President Trump has also been peddling conspiracy theories of voter fraud, even though it has been repeatedly made clear that there was no voter widespread voter fraud in the 2020 election. Most recently, Trump called Georgia's Republican secretary of state, Brad Raffensperger, on Jan. 3, seemingly pressuring him to unlawfully overturn the election in his state. Trump's false claims have been gaining traction. In fact, according to an NPR/Ipsos poll released on Dec. 30, "one-third of Americans believe that voter fraud helped Joe Biden win the election, despite the fact that courts and election officials have found no evidence of this."
Given Trump's penchant for claiming voter fraud, people couldn't help but draw a line from Trump's claims to the attempted coup. Vice President-elect Kamala Harris' niece Meena wrote, "Trump incited this," she added in another tweet. "He needs to be removed from office immediately."
People also harkened back to Trump's "stand back, and stand by" remarks from the first presidential debate back in September, where Trump refused to condemn white supremacists, namely the Proud Boys, when asked by moderator Chris Wallace. The Trump 2020 campaign did not immediately respond to request for clarification on the remark at the time. Considering the Proud Boys were expected to be in attendance to protest the certification, people immediately drew the connection.
As it became clear the crowds wouldn't disperse in response to a few tweets, more necessary action was taken. Around 3:30 p.m. ET, Democratic Virginia Gov. Ralph Northam confirmed in a tweet that he was sending members of the Virginia National Guard along with 200 Virginia State Troopers to help the Capitol police.
According to White House Press Secretary Kayleigh McEnany, the Washington D.C. National Guard was on its way as well, as of just after 3:30 p.m. ET. McEnany added, "We reiterate President Trump’s call against violence and to remain peaceful."
Trump's actions (or inaction), though, led to Sen. Chuck Schumer (D-New York) and House Speaker Nancy Pelosi (D-California) to issue a joint statement directed at the president just before 4 p.m. ET, saying, "We are calling on President Trump to demand that all protestors leave the U.S. Capitol and Capitol Grounds immediately."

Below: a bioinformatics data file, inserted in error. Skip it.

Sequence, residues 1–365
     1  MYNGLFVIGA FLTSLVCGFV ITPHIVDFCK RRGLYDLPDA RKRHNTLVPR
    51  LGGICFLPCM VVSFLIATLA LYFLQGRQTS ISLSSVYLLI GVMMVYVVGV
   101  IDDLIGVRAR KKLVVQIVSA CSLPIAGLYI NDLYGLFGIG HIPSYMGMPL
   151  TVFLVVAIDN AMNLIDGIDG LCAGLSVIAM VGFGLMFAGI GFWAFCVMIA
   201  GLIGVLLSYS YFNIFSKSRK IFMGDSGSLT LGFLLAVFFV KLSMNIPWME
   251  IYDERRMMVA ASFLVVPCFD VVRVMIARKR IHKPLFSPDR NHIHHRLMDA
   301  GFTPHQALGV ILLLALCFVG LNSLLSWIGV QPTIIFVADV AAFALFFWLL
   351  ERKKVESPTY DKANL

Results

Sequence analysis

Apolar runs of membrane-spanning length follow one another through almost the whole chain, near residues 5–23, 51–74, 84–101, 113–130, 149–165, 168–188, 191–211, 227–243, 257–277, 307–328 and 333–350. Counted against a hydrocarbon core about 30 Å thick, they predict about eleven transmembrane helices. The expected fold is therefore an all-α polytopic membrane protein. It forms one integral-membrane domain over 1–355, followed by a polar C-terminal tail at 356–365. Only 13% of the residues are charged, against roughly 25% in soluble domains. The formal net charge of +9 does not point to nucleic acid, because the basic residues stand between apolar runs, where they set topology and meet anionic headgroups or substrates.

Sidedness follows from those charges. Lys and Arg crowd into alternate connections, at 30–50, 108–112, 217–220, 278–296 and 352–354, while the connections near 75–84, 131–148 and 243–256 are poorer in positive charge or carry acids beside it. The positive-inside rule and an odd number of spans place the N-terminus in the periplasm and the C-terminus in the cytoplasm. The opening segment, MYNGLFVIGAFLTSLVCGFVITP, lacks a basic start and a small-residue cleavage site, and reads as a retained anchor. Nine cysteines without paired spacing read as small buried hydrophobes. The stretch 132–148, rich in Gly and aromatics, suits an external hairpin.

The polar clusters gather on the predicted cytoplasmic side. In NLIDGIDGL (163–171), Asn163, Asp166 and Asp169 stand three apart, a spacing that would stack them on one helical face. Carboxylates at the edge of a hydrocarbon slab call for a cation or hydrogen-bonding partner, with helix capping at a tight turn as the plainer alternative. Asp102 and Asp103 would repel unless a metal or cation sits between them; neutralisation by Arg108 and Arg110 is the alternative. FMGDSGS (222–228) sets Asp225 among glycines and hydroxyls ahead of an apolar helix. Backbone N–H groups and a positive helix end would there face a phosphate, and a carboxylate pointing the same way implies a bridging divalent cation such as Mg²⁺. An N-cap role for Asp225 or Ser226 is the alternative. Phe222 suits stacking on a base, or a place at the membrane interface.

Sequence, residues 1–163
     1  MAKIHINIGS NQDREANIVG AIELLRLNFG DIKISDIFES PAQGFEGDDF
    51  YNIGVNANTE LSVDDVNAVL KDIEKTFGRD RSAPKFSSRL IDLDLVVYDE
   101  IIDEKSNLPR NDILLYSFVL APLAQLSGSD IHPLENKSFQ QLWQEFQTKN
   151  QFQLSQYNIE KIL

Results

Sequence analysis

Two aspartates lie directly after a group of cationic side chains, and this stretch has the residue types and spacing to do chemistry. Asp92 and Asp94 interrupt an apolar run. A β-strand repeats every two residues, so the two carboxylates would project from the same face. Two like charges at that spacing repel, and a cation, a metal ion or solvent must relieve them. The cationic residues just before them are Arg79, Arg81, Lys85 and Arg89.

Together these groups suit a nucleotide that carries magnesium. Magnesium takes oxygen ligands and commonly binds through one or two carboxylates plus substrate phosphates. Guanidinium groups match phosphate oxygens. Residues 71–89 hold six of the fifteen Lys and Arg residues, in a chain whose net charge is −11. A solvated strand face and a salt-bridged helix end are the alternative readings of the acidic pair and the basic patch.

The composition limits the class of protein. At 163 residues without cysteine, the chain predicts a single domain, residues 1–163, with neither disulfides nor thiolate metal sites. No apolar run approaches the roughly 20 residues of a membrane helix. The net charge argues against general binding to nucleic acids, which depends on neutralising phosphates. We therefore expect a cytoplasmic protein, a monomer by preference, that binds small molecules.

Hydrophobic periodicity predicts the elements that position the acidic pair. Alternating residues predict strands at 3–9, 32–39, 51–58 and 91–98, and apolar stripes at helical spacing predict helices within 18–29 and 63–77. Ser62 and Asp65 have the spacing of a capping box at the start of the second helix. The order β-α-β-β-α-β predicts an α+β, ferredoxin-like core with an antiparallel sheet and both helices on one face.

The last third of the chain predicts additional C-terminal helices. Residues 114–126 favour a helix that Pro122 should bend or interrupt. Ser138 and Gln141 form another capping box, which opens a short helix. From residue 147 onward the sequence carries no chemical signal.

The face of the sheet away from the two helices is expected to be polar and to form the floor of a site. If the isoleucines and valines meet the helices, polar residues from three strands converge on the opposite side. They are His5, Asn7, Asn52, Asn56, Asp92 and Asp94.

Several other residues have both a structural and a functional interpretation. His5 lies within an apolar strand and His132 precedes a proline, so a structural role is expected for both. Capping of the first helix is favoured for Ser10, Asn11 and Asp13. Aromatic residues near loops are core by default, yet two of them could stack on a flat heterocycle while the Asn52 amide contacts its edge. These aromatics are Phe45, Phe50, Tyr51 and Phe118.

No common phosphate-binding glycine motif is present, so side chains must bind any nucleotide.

Finally, around 4:15 p.m. ET, a little more than three hours from the start of the attempted coup, President Trump posted a minute-long video, which was initially flagged for disputed claims of election fraud and eventually removed from Twitter late on Jan. 6 for violating its rules, asking his supporters to go home while also still claiming election fraud took place.
He began, "I know your pain, I know you're hurt," before going into claims of election fraud, saying it was "stolen from us." Veering back to the message at hand, Trump told his supporters, "You have to go home now. We have to have peace. We have to have law and order. We have to respect our great people in law and order. We don’t want anybody hurt." After making more voter fraud claims and saying he "loves" the rioters, he closed the video with a call to disperse: "Go home, and go home in peace."
It's unclear if the video had an immediate effect, but as of 5 p.m. ET, CNN reporter Abby Phillip tweeted that there appeared to still be "hundreds of people on the grounds of the Capitol."
Editor's Note: This post was updated on Jan. 7 following actions taken by Twitter late on Jan. 6 to remove certain tweets from President Trump's account for violating Twitter's rules.